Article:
A line of thousands trickled in to ColaKicks in Columbia, South Carolina on the afternoon of April 14 — some with a memento and a sharpie, others with an awaiting phone ready to snap a selfie. Others simply came to say hello and offer congratulations to local hero A’ja Wilson, who just two days before was chosen by the Las Vegas Aces No. 1 overall in the WNBA Draft.
Among all the interactions, three stand out from the autograph signing, which I was present for because of my former gig as a South Carolina Athletics beat writer.
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· One little girl, no older than 6, with braids in her hair and a pink flowered shirt, approached A’ja with a nervous smile. The girl was shorter than the table A’ja was sitting behind, so the 6-5 forward leaned over and pulled the girl up so she could kneel on the table while the two took a photo. When the girl handed A’ja a dollar bill to sign, A’ja asked why, and the girl responded, “Because you’re number one.”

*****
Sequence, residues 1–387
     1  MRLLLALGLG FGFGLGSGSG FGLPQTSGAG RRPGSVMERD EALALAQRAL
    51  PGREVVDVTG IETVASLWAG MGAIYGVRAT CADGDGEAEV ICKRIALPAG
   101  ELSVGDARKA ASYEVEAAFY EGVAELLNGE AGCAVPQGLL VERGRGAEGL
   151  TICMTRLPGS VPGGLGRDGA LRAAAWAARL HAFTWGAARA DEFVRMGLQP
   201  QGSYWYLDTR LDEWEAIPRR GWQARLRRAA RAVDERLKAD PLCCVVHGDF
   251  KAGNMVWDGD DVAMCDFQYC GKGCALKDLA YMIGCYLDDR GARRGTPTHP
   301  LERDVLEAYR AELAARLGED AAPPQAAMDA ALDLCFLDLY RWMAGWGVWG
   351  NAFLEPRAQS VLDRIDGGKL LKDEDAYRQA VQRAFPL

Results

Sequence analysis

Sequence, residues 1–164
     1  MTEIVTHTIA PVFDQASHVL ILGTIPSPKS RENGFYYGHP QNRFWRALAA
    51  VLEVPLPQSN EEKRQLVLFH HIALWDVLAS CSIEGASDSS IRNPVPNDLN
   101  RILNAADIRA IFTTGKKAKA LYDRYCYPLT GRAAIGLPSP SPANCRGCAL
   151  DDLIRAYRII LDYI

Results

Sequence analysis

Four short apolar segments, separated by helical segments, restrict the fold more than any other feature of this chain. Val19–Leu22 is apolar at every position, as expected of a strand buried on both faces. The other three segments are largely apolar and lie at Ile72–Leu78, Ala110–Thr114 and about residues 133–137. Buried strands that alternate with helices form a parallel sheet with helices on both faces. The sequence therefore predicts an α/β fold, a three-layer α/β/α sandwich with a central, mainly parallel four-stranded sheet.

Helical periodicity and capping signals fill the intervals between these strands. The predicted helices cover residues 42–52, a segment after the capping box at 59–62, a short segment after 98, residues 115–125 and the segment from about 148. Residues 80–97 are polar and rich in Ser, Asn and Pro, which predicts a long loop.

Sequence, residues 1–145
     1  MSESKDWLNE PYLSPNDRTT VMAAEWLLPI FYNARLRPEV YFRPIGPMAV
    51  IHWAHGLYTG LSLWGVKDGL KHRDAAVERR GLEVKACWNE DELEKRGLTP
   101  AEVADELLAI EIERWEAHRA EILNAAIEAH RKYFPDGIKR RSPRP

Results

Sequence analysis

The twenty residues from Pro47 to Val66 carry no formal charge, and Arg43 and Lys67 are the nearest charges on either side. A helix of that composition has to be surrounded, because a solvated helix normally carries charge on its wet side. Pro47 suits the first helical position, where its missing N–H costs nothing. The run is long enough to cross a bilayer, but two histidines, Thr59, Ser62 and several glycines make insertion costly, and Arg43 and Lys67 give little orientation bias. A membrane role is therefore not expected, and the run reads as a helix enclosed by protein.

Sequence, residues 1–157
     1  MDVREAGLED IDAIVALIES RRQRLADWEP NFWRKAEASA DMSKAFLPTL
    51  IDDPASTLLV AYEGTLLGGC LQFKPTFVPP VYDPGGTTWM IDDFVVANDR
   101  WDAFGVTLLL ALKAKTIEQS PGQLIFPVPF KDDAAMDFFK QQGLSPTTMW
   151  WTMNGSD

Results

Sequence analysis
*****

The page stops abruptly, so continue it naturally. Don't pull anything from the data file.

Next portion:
· After a deaf woman approached the table, A’ja smiled and graciously showed her the sign language motion for “I love you” she has tattooed on her neck.
· One woman shared that she, like A’ja, has dyslexia, and A’ja offered a few words of support.
Maybe it’s not known nationally, but A’ja Wilson is just as good of a person as she is a basketball player — maybe even better.
On Monday in a piece published by The Players’ Tribune, Wilson detailed an experience she had as a little girl with racism and specifically reached out to little black girls who may be experiencing now what she once did.
It was no surprise that the basketball community and dads with young black girls responded with overwhelming support.
Here are several: